Postcards as Archives: "Excavating" Popular Archaeology at the Turn of the Century

Start: Mar 08, 2017 06:00 PM
End: Mar 08, 2017 07:00 PM

Location: Room 209, UCL Institute of Archaeology

Postcards as archives

Katy Soar (Royal Holloway) will give a seminar organised by the Institute's History of Archaeology Research Network at the Institute on 8 March.


Sir Arthur Evans’ excavations at the Palace of Knossos on Crete were the beginning of the development of what is now the most popular tourist spot on the island. From the very start, this site was created to be a living monument, a theatre of the past, albeit a specific vision of the past. One method this vision was disseminated was through the use of the picture postcard. While the discipline of archaeology has paid little attention to these non-official discourses, transmitted by popular culture, they play an important role in the transmission of particular images about the past.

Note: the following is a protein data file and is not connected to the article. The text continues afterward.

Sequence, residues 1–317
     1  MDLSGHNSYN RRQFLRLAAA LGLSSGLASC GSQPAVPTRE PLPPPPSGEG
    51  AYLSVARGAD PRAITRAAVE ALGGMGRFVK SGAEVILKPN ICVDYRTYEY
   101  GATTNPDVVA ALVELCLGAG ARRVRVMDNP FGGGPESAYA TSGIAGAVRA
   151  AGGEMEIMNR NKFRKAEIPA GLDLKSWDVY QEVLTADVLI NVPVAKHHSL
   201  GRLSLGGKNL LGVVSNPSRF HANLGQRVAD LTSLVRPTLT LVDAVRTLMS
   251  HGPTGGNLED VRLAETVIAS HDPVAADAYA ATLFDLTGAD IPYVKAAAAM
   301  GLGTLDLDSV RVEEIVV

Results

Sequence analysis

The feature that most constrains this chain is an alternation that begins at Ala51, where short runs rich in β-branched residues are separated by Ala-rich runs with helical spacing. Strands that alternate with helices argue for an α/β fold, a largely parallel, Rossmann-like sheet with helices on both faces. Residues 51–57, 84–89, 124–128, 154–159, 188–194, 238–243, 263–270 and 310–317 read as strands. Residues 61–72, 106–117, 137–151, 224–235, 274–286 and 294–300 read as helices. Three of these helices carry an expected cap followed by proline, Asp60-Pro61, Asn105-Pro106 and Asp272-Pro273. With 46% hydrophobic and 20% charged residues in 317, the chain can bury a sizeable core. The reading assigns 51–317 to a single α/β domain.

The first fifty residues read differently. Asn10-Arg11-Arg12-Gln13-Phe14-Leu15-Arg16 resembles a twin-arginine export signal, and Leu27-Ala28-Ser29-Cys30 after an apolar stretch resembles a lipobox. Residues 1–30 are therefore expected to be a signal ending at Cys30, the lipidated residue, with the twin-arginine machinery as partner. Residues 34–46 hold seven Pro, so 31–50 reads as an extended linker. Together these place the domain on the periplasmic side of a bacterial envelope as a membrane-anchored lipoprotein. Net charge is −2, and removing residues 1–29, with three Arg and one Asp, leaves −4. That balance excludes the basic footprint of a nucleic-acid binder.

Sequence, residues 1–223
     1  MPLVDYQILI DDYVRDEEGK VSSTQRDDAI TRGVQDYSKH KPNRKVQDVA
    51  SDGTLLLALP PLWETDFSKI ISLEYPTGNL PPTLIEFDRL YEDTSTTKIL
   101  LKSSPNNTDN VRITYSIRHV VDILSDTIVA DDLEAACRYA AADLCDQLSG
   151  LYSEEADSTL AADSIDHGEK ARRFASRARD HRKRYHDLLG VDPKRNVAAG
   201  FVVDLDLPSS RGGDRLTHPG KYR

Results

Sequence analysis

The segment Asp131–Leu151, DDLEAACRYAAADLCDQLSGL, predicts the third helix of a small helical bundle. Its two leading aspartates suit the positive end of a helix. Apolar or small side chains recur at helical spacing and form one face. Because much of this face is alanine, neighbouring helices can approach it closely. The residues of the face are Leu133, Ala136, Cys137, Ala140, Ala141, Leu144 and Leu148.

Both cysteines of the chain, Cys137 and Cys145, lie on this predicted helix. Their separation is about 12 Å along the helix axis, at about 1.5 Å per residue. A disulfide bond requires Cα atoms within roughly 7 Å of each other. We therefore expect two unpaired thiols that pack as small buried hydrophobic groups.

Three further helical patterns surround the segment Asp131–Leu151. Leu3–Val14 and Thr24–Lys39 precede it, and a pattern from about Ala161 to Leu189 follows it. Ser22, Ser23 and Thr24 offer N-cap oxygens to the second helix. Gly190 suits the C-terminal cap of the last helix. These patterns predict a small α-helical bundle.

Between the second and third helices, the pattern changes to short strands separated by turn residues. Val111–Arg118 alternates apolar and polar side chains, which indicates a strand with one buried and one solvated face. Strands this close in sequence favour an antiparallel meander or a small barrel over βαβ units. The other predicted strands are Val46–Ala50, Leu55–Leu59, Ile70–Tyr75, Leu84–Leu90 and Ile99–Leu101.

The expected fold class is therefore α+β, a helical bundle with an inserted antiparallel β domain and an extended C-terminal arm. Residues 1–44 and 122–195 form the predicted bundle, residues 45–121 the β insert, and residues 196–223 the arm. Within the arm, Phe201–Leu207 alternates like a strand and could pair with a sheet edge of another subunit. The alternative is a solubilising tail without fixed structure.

The heyday of the tourist postcard was the Edwardian period – the period which coincides with the excavations Evans at the Palace. Through their mass-production and circulation among particular groups of people, postcards transformed a place into a commodity for global consumption. This talk will examine various examples of these representations of Knossos to show how they produced an enduring picture of the Minoans and consider how far the performativity, circulation and consumption of these specific images of the Palace authenticate understanding of the past. 

All welcome!

Any enquiries about the event may be directed to Amara Thornton.